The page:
So Dagon shall be magnified, and God, 440
Besides whom is no god, compar'd with idols
Disglorify'd, blasphem’d, and had in scorn
By the idolatrous rout amidst their wine;
Which to have come to pass by means of thee,
Samson of all thy sufferings think the heaviest,
Of all reproach the most with shame that ever,
Could have befall'n thee and thy father's house.

Sam. Father I do acknowledge and confess That I this honor, I this pomp have brought To Dagon, and advanc'd his praises high 450 Among the Heathen’ round; to God have brought Dishonour, obloquy, and op'd the mouths Of idolists, and atheists; have brought scandal

He be sure,

To Israel, diffidence, of God, and doubt
In feeble hearts propense enough before
To waver, or fall off and join with idols,
Which is my chief affliction, shame and sorrow,
The anguish of my soul, that suffers not
Mine eye to harbour sleep, or thoughts to rest.
This only hope relieves me, that the strife 460
With me hath end; all the contest is now
'Twixt God and Dagon; Dagon hath presum'd,
Me overthrown, to enter lists with God,
His deity comparing and preferring
Before the God of Abraham.
Will not connive, or linger, thus provok’d,
But will arise and his great name assert :
Dagon must stoop, and shall ere long receive
Such a discomfit, as shall quite despoil him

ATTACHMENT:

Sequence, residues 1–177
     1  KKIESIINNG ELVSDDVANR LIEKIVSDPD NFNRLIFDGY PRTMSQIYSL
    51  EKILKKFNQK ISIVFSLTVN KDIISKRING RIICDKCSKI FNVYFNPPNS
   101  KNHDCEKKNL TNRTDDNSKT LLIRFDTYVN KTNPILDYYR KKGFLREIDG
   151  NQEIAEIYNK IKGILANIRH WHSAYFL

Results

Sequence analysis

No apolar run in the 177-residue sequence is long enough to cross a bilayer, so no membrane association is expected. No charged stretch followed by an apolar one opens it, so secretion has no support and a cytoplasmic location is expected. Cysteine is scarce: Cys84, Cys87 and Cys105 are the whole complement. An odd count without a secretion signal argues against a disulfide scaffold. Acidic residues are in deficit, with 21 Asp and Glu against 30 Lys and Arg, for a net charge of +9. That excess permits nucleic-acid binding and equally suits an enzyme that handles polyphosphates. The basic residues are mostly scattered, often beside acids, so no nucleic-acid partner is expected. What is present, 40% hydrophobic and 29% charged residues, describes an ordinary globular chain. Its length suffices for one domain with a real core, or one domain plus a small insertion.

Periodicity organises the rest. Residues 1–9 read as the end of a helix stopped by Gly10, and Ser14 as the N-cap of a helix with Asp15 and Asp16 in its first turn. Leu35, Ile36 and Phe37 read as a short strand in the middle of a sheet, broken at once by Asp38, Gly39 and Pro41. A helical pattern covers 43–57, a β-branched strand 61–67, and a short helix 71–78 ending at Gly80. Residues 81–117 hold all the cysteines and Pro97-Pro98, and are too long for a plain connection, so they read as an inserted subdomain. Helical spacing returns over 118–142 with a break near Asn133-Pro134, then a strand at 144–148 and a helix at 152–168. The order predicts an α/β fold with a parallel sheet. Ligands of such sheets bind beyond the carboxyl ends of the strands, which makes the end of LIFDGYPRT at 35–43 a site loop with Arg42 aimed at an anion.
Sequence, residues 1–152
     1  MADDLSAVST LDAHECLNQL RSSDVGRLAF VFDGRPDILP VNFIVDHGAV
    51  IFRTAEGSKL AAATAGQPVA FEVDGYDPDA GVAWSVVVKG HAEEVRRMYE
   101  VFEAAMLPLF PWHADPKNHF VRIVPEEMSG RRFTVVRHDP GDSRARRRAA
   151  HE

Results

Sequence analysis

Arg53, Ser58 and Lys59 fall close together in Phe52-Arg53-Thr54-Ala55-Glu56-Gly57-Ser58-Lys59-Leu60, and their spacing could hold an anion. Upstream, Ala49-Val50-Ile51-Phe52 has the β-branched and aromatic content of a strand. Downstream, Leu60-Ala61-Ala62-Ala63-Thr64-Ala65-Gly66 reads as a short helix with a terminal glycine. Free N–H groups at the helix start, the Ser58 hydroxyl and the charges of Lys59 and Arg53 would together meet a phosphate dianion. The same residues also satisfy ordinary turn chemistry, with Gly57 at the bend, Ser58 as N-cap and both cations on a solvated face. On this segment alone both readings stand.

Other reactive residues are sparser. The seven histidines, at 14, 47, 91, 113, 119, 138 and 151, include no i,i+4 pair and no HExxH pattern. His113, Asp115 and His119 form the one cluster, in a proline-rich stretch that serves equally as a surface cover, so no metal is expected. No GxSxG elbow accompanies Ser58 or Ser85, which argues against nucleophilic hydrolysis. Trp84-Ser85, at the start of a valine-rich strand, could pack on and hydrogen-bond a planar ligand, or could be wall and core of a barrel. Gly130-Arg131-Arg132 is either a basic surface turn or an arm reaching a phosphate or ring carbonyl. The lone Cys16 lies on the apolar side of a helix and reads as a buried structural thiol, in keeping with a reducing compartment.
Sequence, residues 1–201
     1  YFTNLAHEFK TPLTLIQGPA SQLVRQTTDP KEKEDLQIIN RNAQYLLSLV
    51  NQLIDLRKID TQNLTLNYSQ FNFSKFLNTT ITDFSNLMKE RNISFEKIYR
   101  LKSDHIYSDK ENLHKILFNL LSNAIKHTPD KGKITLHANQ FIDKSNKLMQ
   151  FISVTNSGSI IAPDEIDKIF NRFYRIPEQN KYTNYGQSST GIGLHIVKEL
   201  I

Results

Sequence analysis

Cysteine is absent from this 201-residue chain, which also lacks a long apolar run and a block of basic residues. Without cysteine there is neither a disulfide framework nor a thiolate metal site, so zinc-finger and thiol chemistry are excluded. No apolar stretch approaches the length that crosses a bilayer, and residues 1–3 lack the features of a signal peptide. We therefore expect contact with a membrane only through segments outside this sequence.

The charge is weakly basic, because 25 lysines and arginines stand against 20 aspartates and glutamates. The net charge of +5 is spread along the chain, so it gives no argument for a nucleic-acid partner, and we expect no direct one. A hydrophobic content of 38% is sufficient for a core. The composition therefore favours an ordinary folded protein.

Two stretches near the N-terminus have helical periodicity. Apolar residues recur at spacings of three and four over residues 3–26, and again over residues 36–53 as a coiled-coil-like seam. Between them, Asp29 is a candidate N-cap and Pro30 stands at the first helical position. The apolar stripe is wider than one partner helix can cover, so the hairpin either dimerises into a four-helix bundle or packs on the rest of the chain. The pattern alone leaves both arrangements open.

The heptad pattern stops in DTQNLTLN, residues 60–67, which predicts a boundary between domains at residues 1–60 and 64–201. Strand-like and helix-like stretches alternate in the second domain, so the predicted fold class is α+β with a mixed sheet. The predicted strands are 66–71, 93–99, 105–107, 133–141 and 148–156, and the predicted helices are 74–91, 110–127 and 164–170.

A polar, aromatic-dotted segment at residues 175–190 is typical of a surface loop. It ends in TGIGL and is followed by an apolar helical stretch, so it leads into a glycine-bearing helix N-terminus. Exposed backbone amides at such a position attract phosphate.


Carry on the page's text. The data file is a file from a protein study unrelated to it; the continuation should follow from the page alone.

Of these boasted trophies won on me,

470 And with confusion blank bis worshippers.

MAN. With cause this hope relieves thee, and I as a prophecy receive; for God, [these words, Nothing more certain, will not long defer To vindicate the glory of his name Against all competition, nor will long Endure it doubtful whether God be Lord, Or Dagon. But for thee what shall be done ; Thou must not in the mean while here forgot Lie in this miserable loathsome plight 480 Neglected. I already have made way, To some Philistian lords, with whom to treat About thy ransome : well they may by this

Have satisfy'd their utmost of revenge
By pains and slaveries, worse than death inflicted
On thee, who now no more canst do them harm.

Sam. Spare that proposal, Father, sparc the trouOf that solicitation; let me here

[ble As I deserve, pay on my punishment ; And expiate, if possible, my crime, 490 Shameful garrulity. To have reveal'd Secrets of men, the secrets of a friend, How hainous had the fact been, how deserving Contempt, and scorn of all, to be excluded All friendship, and avoided as a blab, The mark of fool set on his front? But I God's counsel have not kept, his holy secret Presumptuously have publish'd impiously, Weakly at least, and shamefully: a sin That Gentiles in their parables condemn 500 To their abyss and horrid pains confin'd,

Man. Be penitent and for thy fault contrite, But act not in thy own affliction, Son: Repent the sin, but if the punishment Thou canst avoid, self-preservation bids ; Or th’ execution leave to high disposal, And let another hand, not thine, exact Thy penal forfeit, from thyself! perhaps God will relent, and quit thee all his debt; · Who ever more approves and more accepts; 510 (Best pleased with humble, and filial submission) Him who iinploring mercy sues for life, Than who self-rigorous chooses death as due: